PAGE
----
Being Heard, Heeded and Creating a Lasting Mark

Being a parent is incredibly hard.  There are many days where the task is thankless and you feel as if you are not being heard.  As I’ve said to chief many a time–it’s not that I want to be in control, necessarily, or the “master” of my universe, but I would like to be heeded, occasionally.  Ideally, you’d like your children to think for themselves and for that to happen, they can’t always do what you say.  This is a frustrating fact.  They are their own people and they won’t always agree with what you have to say or how you view the world.  As well it should be (although that’s not what I’m thinking when I want something done, right now.  What you tell your children isn’t always necessarily “right,” either.  Try as you might.  But, that’s not my point.  This thought really started with storytelling.

I’m reading a book entitled, Storytelling, in which Christina Baldwin writes, since the beginning of time we all want to leave a lasting mark (paraphrased).  My immediate reaction was, not me.  I just want to be heard (hence the reference to children/parenting above).  Really heard and listened to–choose to argue with me or ignore my words afterwards, but give me the chance to say my piece and have you hear it.  That’s all and I don’t really think it’s that big of a request.  It’d be a bonus if you wanted to have deep dialogue about it, but that’s another story, too.  Being heard or truly listened to applies to more people than we care to acknowledge.  Think about lawsuits.  All most victims want is an apology or some sort of acknowledgement.  Not so difficult when you think about it.  There might be less lawsuits if people apologized first and tried to work it out.  I know that sounds so PollyAnna, but I don’t think it’s too far from the truth.  Deep down you know when you are wrong–it’s the ego that won’t let you admit it.  If you’ve done something really wrong it’s the additional fear of punishment, perhaps a denial cocktail mixed in, but that’s also a different story.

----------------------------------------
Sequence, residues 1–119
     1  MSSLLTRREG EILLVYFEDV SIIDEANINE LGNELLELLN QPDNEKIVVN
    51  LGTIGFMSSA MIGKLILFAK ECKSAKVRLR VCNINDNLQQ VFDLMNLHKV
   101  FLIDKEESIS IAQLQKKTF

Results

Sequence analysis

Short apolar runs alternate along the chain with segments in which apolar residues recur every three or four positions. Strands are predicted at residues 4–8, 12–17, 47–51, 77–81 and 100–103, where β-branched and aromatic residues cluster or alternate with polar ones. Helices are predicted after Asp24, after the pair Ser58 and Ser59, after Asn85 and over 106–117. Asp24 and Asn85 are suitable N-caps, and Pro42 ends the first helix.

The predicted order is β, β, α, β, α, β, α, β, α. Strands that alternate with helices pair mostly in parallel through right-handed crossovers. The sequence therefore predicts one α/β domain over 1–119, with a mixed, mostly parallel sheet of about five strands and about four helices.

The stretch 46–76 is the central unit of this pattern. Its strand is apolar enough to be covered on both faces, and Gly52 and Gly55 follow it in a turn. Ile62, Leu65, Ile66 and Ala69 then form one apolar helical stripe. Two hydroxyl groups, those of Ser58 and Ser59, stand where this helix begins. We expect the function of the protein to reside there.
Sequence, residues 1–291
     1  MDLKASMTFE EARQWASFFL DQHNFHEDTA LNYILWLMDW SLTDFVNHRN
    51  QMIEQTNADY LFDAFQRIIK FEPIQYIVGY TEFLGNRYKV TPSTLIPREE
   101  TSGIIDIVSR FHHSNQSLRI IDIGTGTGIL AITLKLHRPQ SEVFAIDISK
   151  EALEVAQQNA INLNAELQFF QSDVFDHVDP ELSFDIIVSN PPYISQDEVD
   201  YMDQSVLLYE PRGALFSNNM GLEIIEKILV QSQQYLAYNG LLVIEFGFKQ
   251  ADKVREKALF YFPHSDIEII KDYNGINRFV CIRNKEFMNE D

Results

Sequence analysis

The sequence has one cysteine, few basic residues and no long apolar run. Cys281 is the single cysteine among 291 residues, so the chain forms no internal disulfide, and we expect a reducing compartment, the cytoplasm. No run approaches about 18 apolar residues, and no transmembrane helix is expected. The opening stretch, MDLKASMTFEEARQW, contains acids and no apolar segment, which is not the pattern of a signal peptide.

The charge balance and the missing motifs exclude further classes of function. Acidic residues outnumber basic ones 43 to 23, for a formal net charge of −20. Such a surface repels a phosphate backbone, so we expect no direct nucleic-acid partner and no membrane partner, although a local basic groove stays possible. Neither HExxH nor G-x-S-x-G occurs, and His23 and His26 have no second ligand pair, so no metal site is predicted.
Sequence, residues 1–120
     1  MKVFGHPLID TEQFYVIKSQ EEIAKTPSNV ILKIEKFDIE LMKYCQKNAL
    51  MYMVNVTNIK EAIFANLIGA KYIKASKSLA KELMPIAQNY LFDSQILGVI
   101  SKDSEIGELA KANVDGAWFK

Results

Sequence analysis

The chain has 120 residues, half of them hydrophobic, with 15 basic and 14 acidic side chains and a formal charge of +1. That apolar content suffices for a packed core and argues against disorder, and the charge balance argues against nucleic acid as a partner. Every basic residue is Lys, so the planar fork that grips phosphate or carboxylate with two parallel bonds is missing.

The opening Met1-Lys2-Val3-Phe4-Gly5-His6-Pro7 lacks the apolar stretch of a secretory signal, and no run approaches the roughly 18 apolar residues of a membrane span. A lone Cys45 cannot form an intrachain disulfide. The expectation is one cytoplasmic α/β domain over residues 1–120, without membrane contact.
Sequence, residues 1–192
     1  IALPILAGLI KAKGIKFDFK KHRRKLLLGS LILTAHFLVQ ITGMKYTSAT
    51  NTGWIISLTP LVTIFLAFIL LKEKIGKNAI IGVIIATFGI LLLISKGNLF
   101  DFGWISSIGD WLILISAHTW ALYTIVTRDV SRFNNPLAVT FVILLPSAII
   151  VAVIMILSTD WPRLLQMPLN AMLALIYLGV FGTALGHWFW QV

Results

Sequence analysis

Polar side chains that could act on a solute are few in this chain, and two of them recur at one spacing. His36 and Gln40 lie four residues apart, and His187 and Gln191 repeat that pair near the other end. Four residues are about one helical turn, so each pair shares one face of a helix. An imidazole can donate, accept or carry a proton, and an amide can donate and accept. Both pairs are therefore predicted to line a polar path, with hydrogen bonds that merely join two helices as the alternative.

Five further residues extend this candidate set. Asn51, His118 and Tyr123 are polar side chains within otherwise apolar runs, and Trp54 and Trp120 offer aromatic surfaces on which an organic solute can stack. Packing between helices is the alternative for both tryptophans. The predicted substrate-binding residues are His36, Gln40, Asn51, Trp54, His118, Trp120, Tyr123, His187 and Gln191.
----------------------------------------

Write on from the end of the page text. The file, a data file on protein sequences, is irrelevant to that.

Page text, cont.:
Isn’t it great to have a conversation with someone who actually listens?  Not with someone who has to answer his/her cell or texts or interrupts with his/her own exploits.  I have conversations with girlfriends and we interrupt each other but that’s not the interruption I’m talking about; mostly, because that kind of conversation is more of a stream of consciousness and all of the thoughts and ideas (which are sometimes interrupted by the person speaking) are eventually finished.  That’s more of a magical snowglobe of thoughts, ideas and feelings.  I’m referring to the one-upmanship or the “let’s talk about me” sort of interruption, which is very different from henhouse Hattie catching up with her best girls.  You don’t even have to catch up with the girls to have that feel-good sensation of being listened to or appreciated (hint–sometimes in being a good listener you will be listened to and heard in return).  Make eye contact with someone and smile–sometimes that alone will tell its own story.  If we’d all slow down and see, feel and listen to our environments we might be pleasantly suprised by what we find.  You might actually learn something or make someone’s day.

Give me a shoutout! 🤠

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